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Comparison of three enrichment schemes for the detection of low levels of desiccation-stressed Listeria spp. from select environmental surfaces

Sheth, Ishani, Li, Fengmin, Hur, Minji, Laasri, Anna, De Jesus, Antonio J., Kwon, Hee Jin, Macarisin, Dumitru, Hammack, Thomas S., Jinneman, Karen, Chen, Yi
Food control 2018 v.84 pp. 493-498
Listeria, culture media, enrichment culture, inoculum, samplers, Vermont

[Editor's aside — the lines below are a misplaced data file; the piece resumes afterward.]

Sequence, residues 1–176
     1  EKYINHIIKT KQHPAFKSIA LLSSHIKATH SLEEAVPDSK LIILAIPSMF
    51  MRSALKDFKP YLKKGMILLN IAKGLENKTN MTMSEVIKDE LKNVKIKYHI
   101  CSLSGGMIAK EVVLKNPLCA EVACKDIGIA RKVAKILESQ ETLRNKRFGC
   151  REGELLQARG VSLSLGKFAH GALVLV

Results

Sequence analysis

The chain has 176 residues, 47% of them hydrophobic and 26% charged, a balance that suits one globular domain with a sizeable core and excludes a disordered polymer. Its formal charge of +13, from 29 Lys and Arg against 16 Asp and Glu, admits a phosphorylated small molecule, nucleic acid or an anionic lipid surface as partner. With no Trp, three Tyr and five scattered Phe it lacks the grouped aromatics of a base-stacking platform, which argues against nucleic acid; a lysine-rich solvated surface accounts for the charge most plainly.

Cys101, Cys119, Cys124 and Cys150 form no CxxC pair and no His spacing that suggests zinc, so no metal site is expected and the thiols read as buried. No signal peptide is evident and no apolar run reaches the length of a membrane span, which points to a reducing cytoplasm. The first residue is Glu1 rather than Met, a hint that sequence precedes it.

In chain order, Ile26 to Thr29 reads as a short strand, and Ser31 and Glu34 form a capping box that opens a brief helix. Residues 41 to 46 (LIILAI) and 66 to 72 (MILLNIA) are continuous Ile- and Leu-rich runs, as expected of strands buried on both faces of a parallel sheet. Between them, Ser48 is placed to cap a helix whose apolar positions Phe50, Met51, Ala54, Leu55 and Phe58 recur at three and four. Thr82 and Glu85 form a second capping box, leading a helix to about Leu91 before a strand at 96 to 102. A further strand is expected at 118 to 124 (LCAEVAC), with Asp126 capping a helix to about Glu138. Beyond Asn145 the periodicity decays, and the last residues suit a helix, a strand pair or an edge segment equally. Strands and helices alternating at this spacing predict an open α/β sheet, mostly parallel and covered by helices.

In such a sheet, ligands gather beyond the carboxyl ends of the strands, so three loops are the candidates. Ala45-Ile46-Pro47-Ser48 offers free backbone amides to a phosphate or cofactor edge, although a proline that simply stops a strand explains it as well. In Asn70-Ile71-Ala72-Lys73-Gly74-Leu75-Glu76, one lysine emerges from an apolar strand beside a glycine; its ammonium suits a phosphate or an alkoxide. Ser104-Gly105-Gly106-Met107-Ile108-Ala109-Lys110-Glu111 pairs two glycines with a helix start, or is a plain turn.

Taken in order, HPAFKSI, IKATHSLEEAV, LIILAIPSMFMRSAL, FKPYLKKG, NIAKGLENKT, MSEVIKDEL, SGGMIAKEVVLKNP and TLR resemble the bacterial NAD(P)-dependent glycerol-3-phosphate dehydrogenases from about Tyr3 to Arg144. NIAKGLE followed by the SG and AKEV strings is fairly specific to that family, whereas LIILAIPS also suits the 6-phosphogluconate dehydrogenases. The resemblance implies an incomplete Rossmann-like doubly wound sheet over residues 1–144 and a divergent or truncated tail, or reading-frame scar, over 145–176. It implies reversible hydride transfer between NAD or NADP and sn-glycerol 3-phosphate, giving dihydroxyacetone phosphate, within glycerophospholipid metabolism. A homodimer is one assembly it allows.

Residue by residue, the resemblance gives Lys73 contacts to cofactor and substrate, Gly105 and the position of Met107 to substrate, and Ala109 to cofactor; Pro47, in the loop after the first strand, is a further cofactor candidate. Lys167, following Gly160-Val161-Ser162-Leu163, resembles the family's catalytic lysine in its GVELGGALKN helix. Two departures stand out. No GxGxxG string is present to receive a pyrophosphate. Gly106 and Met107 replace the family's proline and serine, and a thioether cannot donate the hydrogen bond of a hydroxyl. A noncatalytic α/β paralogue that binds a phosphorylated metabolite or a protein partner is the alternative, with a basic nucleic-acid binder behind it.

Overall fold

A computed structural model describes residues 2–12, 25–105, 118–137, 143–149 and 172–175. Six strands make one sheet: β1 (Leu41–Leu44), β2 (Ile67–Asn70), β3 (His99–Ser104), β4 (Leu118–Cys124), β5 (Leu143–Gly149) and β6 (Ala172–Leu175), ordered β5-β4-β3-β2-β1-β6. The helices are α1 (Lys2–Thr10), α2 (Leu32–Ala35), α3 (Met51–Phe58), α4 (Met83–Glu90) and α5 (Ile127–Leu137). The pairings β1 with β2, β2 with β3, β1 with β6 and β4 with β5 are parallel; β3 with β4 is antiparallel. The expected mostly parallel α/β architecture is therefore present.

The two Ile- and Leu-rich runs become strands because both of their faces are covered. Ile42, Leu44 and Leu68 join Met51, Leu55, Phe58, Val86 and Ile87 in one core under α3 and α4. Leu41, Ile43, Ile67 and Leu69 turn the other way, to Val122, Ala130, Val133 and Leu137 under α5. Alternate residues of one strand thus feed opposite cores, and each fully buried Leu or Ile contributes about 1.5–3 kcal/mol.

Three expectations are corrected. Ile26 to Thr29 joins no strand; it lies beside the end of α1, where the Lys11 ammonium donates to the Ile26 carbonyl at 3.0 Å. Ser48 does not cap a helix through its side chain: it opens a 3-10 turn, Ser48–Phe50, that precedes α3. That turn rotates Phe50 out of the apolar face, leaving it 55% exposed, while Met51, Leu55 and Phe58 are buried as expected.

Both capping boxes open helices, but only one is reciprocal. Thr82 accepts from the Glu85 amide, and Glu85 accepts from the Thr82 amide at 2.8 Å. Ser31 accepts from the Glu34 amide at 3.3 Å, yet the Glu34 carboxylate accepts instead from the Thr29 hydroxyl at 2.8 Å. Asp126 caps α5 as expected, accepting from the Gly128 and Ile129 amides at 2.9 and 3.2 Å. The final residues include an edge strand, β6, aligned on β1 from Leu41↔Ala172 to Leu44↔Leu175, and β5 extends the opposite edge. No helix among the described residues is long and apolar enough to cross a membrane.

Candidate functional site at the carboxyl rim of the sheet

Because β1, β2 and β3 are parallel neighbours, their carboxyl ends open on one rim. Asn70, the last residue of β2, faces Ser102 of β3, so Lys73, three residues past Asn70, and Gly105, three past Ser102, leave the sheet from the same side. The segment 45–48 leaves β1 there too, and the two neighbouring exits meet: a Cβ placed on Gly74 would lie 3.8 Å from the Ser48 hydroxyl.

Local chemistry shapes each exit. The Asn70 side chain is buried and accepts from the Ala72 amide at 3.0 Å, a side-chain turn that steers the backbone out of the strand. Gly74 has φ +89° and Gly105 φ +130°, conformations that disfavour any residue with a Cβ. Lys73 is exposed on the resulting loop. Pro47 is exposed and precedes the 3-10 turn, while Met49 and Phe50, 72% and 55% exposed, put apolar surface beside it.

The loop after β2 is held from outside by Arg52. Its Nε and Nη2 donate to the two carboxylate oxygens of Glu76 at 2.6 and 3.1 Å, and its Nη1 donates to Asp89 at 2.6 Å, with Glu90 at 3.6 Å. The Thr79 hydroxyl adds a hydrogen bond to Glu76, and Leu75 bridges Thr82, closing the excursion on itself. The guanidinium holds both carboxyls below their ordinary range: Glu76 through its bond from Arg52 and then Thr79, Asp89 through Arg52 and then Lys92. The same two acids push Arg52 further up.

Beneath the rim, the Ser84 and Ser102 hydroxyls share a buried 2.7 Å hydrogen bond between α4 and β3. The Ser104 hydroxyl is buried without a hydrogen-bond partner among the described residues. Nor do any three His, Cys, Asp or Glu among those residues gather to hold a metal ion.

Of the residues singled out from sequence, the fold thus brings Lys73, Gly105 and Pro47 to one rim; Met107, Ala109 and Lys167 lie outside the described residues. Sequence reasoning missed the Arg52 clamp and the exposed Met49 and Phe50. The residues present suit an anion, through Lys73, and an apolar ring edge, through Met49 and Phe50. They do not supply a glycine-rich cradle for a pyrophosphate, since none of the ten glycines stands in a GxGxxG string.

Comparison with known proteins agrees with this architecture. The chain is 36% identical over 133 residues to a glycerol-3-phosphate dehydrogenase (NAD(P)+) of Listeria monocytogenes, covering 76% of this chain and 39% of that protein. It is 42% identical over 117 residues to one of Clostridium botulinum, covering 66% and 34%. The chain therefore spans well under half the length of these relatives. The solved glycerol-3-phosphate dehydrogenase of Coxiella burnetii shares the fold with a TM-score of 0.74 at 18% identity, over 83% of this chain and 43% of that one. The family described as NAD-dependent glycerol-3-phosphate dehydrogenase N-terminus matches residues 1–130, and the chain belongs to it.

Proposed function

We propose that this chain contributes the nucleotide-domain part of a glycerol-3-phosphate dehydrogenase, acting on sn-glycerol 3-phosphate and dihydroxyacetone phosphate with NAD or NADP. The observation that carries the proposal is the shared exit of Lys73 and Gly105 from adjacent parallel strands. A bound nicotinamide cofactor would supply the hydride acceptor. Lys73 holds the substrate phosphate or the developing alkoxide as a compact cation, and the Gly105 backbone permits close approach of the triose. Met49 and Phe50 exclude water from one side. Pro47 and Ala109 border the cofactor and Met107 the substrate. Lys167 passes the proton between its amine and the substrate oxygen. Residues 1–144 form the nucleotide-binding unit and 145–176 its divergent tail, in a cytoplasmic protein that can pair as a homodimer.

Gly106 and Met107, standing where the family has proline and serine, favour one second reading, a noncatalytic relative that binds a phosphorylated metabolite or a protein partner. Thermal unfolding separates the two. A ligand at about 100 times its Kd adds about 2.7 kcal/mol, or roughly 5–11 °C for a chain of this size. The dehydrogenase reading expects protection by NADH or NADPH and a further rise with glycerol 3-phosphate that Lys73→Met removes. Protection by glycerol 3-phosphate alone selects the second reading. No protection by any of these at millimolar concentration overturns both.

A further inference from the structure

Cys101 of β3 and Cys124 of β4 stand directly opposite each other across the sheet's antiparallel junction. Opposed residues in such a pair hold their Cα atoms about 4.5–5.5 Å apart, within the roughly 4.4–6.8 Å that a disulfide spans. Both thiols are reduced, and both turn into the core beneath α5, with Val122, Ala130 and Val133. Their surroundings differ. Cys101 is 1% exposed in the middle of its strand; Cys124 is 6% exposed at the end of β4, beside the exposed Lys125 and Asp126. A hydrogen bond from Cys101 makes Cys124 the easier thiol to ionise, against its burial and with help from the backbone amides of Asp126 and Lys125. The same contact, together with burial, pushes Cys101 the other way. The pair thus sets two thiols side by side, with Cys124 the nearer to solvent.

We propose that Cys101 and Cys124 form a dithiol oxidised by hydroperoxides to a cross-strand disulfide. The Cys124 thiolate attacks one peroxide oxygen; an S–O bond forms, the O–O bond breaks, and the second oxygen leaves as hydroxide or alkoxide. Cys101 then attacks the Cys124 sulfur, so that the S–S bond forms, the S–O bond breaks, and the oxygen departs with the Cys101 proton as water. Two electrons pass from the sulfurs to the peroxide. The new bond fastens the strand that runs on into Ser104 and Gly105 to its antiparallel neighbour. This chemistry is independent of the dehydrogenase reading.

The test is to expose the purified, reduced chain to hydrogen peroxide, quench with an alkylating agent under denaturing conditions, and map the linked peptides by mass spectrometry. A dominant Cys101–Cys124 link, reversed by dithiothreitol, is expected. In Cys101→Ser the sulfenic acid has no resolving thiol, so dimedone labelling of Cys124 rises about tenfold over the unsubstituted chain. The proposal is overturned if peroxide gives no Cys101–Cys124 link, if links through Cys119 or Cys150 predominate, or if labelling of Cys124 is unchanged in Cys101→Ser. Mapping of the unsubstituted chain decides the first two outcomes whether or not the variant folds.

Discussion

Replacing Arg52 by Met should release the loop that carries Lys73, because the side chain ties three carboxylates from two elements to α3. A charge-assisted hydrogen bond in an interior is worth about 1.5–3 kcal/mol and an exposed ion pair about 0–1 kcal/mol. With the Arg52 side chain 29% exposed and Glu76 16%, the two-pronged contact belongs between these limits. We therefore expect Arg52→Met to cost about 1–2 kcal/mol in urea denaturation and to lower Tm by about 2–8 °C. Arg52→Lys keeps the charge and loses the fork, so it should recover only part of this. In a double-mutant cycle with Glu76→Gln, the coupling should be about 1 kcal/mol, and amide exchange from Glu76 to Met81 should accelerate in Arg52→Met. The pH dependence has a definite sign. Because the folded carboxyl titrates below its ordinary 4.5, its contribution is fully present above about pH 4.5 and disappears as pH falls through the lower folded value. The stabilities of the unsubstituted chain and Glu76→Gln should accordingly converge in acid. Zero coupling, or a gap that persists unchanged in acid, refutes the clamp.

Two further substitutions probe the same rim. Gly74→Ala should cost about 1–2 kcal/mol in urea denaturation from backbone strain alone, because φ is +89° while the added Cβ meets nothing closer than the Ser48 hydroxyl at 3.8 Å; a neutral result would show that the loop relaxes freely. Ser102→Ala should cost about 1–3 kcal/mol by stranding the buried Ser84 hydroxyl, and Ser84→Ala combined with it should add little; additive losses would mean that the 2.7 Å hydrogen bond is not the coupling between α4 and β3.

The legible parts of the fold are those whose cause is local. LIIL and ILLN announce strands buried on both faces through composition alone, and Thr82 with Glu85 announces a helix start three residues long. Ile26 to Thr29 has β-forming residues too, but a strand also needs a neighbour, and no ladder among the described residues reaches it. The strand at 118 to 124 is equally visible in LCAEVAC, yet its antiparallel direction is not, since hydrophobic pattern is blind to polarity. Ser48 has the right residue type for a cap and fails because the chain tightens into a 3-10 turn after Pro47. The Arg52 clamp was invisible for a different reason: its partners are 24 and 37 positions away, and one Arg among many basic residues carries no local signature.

Three commonly used enrichment schemes were evaluated for the detection of Listeria spp. from environmental surfaces: one-step 48 h enrichment in buffered Listeria enrichment broth (BLEB); 26 h primary enrichment in University of Vermont modified (UVM) broth, followed by a transfer of 100 μl primary enrichment culture to Fraser broth (FB) for 24–48 h secondary enrichment; and 26 h primary enrichment in half-Fraser broth (HF), followed by a transfer of 100 μl primary enrichment culture to FB for 24–48 h secondary enrichment. Low levels (20–300 CFU/sample) of Listeria were artificially inoculated onto eight types of surfaces, desiccation stressed, and then collected by swab/sponge samplers for subsequent analysis. Results showed that low levels of desiccation-stressed Listeria recovered and grew rather slowly: 26 h primary enrichment in UVM and HF could not consistently yield 1 cell in 100 μl of enrichment culture, as demonstrated by enumeration of 100 μl primary enrichment culture and transfer of 100 μl enrichment culture to secondary enrichment. We further discovered that, using 20 samples per scheme and for certain Listeria strains on certain surfaces, one-step 48 h enrichment in BLEB generated significantly higher numbers of positive results than the two-step enrichment schemes when there were no competing background microflora. Higher numbers of positive results from two-step schemes were achieved by increasing the duration of primary enrichment for an additional 22 h. Therefore, to improve the detection of desiccation-stressed Listeria in the environment, we must allow sufficient time for primary enrichment and/or transfer a sufficient amount of primary enrichment culture to the secondary enrichment. The study also highlights the importance of using low levels of inoculum and physiologically injured cells for method comparison and evaluation.